In computer architecture, instructions per cycle (IPC), commonly called Instructions per clock is one aspect of a processor’s performance: the average number of instructions executed for each clock cycle. It is the multiplicative inverse of cycles per instruction.

The calculation of IPC is done through running a set piece of code, calculating the number of machine-level instructions required to complete it, then using high-performance timers to calculate the number of clock cycles required to complete it on the actual hardware. The final result comes from dividing the number of instructions by the number of CPU clock cycles.

The number of instructions per second and floating point operations per second for a processor can be derived by multiplying the number of instructions per cycle with the clock rate (cycles per second given in Hertz) of the processor in question. The number of instructions per second is an approximate indicator of the likely performance of the processor.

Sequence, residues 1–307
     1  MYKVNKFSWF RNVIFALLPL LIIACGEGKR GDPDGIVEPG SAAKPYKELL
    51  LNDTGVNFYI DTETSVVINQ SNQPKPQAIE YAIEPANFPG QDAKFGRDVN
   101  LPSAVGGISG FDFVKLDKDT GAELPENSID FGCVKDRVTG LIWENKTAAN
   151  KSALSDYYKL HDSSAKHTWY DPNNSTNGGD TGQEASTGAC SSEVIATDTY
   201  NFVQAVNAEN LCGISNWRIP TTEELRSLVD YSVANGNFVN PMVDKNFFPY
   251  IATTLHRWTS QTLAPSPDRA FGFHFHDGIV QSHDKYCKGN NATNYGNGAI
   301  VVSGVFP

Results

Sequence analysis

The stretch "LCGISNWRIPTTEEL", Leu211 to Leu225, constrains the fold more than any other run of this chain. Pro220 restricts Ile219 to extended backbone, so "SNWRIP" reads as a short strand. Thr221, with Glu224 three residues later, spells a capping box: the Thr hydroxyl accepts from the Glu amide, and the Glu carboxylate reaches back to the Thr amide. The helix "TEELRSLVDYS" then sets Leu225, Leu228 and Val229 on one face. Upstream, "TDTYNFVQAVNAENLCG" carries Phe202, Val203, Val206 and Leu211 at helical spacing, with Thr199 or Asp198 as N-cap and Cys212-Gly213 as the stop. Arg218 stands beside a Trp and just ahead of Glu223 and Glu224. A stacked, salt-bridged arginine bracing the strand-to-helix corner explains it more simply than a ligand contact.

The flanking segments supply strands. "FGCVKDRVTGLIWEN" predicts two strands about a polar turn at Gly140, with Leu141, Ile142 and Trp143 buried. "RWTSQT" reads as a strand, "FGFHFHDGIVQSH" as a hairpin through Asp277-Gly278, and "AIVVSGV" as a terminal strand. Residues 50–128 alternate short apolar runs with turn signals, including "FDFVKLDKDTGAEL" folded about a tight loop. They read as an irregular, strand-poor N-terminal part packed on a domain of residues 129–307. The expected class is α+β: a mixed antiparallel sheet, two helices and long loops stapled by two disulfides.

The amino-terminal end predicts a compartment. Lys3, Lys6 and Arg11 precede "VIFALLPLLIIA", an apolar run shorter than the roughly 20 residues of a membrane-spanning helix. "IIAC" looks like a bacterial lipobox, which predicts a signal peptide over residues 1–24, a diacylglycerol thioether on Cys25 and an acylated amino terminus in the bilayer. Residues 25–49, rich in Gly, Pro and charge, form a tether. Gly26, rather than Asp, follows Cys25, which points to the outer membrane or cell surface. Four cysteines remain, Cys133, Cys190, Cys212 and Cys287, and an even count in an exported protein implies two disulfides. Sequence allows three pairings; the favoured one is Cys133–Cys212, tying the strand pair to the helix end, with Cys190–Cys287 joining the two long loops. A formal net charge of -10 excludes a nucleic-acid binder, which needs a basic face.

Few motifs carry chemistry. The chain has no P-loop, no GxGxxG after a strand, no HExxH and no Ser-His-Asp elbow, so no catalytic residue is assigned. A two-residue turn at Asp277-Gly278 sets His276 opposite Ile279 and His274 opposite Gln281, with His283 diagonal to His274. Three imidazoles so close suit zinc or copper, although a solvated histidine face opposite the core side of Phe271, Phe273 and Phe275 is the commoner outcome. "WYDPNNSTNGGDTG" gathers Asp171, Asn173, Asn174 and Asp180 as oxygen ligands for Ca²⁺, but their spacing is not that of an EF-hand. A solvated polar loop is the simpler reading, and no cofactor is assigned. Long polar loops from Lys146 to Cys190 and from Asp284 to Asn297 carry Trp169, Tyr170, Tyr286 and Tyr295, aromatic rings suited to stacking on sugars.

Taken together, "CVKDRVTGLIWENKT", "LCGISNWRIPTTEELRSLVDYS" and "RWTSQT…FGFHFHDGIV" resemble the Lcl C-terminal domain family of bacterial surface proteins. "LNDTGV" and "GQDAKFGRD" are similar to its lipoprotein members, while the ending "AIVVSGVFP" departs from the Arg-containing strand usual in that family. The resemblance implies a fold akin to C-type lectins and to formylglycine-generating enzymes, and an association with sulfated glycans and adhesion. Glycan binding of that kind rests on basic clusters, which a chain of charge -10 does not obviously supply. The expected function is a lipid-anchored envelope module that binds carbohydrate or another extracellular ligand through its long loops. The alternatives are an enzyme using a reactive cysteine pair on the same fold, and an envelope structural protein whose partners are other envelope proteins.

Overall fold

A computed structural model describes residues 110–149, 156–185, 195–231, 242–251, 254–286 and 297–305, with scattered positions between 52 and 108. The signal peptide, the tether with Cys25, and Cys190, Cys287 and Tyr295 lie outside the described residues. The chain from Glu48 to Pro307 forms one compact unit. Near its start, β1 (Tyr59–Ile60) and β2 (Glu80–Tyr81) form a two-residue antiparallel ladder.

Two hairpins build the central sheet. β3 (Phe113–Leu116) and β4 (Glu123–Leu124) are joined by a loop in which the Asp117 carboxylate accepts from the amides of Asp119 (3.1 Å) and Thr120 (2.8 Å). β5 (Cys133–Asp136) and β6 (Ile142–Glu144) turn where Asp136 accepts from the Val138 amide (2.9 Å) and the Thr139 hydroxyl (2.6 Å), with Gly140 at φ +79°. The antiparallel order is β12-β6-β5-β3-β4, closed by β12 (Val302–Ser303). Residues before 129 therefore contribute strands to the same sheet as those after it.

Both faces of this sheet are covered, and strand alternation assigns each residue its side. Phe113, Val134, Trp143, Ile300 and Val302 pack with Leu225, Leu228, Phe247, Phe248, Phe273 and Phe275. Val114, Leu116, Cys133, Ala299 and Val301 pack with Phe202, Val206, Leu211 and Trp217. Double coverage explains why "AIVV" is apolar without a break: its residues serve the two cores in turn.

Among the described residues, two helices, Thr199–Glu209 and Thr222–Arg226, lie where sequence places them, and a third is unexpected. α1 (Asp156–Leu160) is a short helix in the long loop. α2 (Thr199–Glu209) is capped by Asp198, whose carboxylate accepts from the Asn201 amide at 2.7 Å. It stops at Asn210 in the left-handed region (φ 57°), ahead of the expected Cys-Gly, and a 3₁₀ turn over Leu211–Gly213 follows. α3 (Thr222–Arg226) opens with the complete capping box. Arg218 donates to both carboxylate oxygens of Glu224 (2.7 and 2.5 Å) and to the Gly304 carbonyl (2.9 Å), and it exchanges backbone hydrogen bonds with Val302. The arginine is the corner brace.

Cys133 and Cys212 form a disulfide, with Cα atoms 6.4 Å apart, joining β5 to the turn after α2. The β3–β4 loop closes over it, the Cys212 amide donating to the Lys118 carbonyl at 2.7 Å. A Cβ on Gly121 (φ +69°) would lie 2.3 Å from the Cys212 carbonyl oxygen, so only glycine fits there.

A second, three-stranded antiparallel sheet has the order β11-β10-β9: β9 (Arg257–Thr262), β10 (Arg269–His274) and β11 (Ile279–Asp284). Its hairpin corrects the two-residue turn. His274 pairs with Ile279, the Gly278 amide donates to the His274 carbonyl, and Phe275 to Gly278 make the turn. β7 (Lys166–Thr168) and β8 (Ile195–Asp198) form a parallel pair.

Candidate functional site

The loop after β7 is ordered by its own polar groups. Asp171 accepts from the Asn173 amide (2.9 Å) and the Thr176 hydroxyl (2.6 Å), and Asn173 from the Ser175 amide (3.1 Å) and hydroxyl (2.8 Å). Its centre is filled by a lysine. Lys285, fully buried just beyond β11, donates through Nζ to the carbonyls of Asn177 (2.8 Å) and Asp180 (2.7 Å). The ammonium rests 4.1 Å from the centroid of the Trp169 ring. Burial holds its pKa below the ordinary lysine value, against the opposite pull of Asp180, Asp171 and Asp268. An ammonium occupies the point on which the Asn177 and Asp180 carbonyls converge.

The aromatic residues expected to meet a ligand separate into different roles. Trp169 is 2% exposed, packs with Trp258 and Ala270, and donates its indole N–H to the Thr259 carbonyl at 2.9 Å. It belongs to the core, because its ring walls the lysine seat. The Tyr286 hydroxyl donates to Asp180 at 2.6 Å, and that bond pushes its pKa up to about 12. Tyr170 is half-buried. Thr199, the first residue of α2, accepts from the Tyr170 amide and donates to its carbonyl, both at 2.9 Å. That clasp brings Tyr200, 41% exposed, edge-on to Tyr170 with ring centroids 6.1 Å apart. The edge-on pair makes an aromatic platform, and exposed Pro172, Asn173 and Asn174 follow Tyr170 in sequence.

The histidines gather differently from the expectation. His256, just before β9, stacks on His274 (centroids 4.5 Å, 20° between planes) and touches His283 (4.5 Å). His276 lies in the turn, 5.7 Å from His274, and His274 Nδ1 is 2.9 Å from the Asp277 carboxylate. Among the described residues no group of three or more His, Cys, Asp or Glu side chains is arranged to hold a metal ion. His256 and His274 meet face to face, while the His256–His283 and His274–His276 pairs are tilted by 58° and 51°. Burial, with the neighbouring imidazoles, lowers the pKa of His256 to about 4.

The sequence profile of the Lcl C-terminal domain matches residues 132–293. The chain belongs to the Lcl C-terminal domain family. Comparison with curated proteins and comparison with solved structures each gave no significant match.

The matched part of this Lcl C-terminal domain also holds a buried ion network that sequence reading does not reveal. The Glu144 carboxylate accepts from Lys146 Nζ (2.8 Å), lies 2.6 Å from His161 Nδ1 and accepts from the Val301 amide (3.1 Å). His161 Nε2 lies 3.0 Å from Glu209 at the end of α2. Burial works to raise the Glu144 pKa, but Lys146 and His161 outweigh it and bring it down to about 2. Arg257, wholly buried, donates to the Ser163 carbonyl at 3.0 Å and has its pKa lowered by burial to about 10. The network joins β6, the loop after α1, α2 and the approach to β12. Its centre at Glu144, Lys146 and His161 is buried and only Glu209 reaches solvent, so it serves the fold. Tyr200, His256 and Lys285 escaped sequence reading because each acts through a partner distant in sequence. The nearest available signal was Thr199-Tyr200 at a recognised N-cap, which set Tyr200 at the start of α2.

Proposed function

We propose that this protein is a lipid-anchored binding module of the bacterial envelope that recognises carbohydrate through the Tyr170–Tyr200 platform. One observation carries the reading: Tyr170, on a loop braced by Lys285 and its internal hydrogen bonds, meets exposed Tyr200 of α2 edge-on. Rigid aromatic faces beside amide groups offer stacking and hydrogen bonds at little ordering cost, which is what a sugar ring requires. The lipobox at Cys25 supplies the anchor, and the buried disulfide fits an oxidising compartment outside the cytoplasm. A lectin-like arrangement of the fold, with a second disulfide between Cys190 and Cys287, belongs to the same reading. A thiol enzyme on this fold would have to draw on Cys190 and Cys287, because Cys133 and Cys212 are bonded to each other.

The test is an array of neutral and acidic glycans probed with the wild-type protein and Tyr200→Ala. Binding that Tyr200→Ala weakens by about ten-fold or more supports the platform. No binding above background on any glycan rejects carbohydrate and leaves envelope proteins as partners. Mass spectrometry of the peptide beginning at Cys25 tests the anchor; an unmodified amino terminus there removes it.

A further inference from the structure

The number of instructions executed per clock is not a constant for a given processor; it depends on how the particular software being run interacts with the processor, and indeed the entire machine, particularly the memory hierarchy. However, certain processor features tend to lead to designs that have higher-than-average IPC values; the presence of multiple arithmetic logic units (an ALU is a processor subsystem that can perform elementary arithmetic and logical operations), and short pipelines.

When comparing different instruction sets, a simpler instruction set may lead to a higher IPC figure than an implementation of a more complex instruction set using the same chip technology; however, the more complex instruction set may be able to achieve more useful work with fewer instructions.